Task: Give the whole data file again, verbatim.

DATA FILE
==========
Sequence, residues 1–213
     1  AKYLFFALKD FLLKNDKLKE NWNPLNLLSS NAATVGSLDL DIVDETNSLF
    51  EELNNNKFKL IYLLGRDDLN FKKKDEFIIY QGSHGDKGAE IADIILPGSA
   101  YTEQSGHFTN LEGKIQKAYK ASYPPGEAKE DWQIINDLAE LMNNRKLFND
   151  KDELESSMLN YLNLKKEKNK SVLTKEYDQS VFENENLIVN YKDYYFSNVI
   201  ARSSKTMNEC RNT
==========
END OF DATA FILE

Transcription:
Sequence, residues 1–213
     1  AKYLFFALKD FLLKNDKLKE NWNPLNLLSS NAATVGSLDL DIVDETNSLF
    51  EELNNNKFKL IYLLGRDDLN FKKKDEFIIY QGSHGDKGAE IADIILPGSA
   101  YTEQSGHFTN LEGKIQKAYK ASYPPGEAKE DWQIINDLAE LMNNRKLFND
   151  KDELESSMLN YLNLKKEKNK SVLTKEYDQS VFENENLIVN YKDYYFSNVI
   201  ARSSKTMNEC RNT